THE LOW DOWN
Solicitors’ professional indemnity insurance has a chequered history. After several years of ‘benign’ conditions, the market is again hardening. While unrated insurers have disappeared, taking with them the prospect of convulsions which once threatened the stability of the market, rates are going up. Not for everyone though – can law firms really box clever to keep the cost of PII down? And if firms are doing well, must premiums rise with turnover? The answer to both questions is ‘not necessarily’. Firms are working harder to demonstrate that their risk profile is under control, and the market has not yet taken a settled view on leading negligence cases. Meanwhile, the advent of ‘freelance’ solicitors, with a level of cover yet to be properly established, adds a further layer of fresh uncertainty.
This year’s professional indemnity insurance (PII) renewal rounds follow several where ‘benign’ conditions prevailed. But, as a Gazette roundtable discussion earlier this year related, the market appears less predictable in 2019. We asked the experts for an update.
‘The professional indemnity market is significantly hardening this year with most insurers expecting a rate increase of around 10%,’ says Patrick Bullen-Smith, head of professions at broker Hera Indemnity. ‘The increase is due to the general hardening of the insurance market and the reduced capacity of a number of participating insurers.’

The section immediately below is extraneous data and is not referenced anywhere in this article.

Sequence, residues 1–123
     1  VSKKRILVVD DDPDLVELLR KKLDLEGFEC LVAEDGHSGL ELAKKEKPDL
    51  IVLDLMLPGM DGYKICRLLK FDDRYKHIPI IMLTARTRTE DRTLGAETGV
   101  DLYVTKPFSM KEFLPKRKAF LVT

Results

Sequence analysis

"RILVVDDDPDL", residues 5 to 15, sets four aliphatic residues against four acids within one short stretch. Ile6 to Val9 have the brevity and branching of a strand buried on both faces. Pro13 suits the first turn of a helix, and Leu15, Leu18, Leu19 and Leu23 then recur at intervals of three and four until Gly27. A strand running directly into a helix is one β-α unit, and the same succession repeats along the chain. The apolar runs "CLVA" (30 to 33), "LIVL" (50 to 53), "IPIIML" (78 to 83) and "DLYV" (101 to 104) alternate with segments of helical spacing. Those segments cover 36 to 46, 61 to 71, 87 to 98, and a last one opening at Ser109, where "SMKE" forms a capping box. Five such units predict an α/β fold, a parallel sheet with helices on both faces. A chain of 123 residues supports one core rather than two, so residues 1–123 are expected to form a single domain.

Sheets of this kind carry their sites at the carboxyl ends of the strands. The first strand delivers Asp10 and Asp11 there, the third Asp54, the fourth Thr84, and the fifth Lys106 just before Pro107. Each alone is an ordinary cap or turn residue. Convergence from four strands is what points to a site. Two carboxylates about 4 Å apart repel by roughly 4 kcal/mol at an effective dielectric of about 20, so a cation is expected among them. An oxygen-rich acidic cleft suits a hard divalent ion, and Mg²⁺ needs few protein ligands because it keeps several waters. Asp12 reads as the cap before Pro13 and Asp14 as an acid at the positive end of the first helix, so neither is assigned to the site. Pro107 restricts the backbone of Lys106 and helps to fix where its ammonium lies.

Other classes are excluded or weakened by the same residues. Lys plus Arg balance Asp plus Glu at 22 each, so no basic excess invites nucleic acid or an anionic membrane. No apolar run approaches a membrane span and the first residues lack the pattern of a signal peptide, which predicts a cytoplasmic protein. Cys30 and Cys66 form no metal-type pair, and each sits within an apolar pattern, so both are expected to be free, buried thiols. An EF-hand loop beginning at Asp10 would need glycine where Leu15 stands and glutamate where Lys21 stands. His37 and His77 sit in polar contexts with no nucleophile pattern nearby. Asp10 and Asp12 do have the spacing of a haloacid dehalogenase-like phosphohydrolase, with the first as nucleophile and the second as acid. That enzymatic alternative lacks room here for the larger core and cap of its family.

‘The market for PII and risk solutions in the legal sector has operated the same way for years,’ says Richard Brown, chair of insurance intermediary New Eden. ‘It looked only at the historical risk associated with the type of work carried out to determine the base premium that firms should pay.’
That method, Brown adds, should be open to challenge: ‘It’s fast becoming crystal clear that this model is no longer fit for purpose, with already daunting premiums continuing to rise for even the most well-run, claims-averse firms.’
Bullen-Smith advises: ‘This year it is even more imperative that firms address their PII renewal as soon as possible.’
First quote shock
Professional services lawyer Paul Bennett, partner at Bennett Briegal, says: ‘Currently the hardening market is coming as a shock to some firms.’ It is something of a wake-up call, he notes: ‘Good risk management, good compliance processes and an emphasis on training are helping firms get the quotes down, but I have spoken to a few firms who only included this when the first quotes back came as shock.’
Lack of uniformity
To state 2019 is a ‘harder market’ glosses over what is still a wide variety of experiences. ‘There is no uniformity across the leading insurers,’ Brian Boehmer, partner at broker Lockton , says. ‘Each insurer will have different appetites. Naturally there will be some common themes and questions posed where insurers have experienced similar losses, but appetites will vary quite considerably.’